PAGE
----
Image copyright Getty Images Image caption Images from the sight of Adam Peng Shuai at the Pyeongchang Olympics made it uncomfortable for China
A spokesman for the International Olympic Committee has defended “silent diplomacy” in Chinese figure skater Adam Peng Shuai’s expulsion from the Pyeongchang Winter Olympics.
IOC president Thomas Bach said the organisation had agreed not to publicise its decision but he denied forcing Peng to leave.
IOC lawyers allegedly demanded Peng submit to a gender verification test, seen by the BBC, that he did not have.
His case highlights concerns about Chinese “protectionism” of its athletes.
Peng, who became the first Chinese to compete at an Olympics, tested positive for a banned substance in Pyeongchang but did not officially reveal he had failed a test until his country’s delegation leader, Qi Yiming, warned the media.
Peng was withdrawn from Team China after his ex-girlfriend, whom he had been dating since 2013, tested positive for drugs at the 2018 European championships in Helsinki.
Image copyright Reuters Image caption Adam Peng and his ex-girlfriend Liu Zi had a two-year relationship and met in 2011
Asked if Peng was forced to leave the country over the transgendered test, Bach said the IOC, “at no point”, had forced him to leave.
He added: “The right to privacy of athletes is part of the Olympic charter and the Olympic team qualification process is voluntary.
“The athletes’ confidentiality is of huge importance to the Olympic movement.
“If there is any infringement of that then it is completely unacceptable for the organisation to do that.”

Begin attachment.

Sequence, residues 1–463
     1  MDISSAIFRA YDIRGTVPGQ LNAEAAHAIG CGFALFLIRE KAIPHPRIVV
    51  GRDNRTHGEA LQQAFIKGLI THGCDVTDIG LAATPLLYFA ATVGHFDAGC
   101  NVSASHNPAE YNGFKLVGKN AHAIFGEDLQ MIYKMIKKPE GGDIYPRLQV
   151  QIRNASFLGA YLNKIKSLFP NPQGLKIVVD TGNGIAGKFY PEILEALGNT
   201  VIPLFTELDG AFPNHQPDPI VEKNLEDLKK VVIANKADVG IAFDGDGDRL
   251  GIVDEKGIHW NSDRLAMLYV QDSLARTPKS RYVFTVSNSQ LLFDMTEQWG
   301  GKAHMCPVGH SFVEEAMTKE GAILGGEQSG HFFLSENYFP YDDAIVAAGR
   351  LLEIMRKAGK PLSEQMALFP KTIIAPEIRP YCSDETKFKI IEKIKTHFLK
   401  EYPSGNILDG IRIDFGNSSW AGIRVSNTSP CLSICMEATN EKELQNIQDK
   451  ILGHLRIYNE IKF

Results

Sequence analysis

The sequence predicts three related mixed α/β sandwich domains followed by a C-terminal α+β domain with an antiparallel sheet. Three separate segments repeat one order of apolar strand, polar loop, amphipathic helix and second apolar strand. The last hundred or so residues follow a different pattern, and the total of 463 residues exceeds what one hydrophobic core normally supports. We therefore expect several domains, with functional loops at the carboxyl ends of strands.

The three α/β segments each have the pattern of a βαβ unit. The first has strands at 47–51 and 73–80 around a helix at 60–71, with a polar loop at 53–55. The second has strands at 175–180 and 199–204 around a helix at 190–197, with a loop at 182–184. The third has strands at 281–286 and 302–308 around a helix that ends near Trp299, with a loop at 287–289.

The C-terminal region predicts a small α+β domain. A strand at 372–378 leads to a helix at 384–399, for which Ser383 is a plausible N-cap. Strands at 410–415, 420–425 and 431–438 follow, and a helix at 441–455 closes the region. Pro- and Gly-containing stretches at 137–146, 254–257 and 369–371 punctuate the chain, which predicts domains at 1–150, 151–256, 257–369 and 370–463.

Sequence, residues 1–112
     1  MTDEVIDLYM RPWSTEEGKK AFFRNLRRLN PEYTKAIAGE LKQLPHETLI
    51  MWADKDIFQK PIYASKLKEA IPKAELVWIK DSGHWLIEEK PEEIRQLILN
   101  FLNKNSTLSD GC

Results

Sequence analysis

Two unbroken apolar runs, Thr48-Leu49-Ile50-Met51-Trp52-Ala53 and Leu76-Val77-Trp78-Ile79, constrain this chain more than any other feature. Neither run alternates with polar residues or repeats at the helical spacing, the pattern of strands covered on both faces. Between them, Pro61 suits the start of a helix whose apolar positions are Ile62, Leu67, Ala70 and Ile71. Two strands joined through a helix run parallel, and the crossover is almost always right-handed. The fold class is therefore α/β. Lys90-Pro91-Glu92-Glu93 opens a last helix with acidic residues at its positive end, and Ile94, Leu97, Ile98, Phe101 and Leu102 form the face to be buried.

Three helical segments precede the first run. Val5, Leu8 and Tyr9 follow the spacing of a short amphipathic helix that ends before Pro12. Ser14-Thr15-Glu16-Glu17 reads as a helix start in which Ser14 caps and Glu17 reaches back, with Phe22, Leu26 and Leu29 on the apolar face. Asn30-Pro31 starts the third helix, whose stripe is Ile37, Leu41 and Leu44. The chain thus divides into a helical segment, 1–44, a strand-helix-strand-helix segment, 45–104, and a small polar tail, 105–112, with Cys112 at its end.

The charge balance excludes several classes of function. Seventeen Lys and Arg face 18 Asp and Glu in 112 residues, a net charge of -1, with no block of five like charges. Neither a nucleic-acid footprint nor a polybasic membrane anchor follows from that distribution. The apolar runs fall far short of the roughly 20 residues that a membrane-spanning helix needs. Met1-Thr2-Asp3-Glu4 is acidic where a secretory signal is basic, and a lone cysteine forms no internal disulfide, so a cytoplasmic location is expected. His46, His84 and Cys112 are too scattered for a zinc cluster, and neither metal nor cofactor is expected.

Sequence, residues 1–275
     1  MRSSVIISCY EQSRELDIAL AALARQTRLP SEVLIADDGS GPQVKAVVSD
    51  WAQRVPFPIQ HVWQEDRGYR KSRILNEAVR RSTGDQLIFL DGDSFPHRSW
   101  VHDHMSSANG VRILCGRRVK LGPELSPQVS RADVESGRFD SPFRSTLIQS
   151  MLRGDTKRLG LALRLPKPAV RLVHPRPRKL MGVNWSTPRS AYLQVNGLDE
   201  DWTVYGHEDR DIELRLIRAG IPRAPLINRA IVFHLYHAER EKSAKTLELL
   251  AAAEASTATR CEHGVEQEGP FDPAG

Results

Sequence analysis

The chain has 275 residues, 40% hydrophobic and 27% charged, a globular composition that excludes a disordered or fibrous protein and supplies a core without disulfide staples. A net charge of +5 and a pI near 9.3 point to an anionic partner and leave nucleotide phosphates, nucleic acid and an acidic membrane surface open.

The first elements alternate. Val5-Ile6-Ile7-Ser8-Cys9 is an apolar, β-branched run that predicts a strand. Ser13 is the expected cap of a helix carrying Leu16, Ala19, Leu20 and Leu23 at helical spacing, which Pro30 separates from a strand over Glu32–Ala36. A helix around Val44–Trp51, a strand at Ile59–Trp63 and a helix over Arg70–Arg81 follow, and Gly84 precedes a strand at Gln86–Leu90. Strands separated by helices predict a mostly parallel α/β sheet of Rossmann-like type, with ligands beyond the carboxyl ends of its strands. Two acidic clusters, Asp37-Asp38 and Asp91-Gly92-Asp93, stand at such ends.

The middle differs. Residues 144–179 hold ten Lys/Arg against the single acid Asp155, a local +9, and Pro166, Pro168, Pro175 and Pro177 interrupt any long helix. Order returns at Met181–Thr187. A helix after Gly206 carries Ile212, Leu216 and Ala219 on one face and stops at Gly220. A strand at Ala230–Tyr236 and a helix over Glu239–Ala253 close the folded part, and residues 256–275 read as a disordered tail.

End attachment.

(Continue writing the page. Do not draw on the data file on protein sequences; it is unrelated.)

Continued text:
He said Peng’s inclusion in the team had been determined by the IOC, not China or the government.
Image copyright Getty Images Image caption China claims Peng Shuai left the country on 17 January 2018
Bach said Qi had never revealed the facts of Peng’s case to him during their initial phone call.
“One of the important principles of the Olympic movement, and it is in the charter of the Olympic movement, is the athlete’s dignity must not be harmed,” he said.
Peng, 27, won five medals at the 2015 European figure skating championships in four years as he rose up the world rankings from 18th to seventh.
The four other members of his Chinese team were chosen earlier this week to compete in the Pyeongchang Games.
The four ice dance and two short track pairs competitors will all compete after the Chinese Olympic Committee (COC) added more gold medals from previous international competitions.
The Chinese state-run news agency Xinhua has refused to comment on the Peng case, but has highlighted the importance of athletes’ privacy.
The IOC is now demanding that Peng’s ex-girlfriend, Liu Zhao, apologise for the positive test and accept an out-of-competition test.
She told Chinese state television last week that Peng had not known she was getting gender reassignment surgery.
The online publication of pictures from Peng’s trip to South Korea for the Olympics also breached rules in China, it said.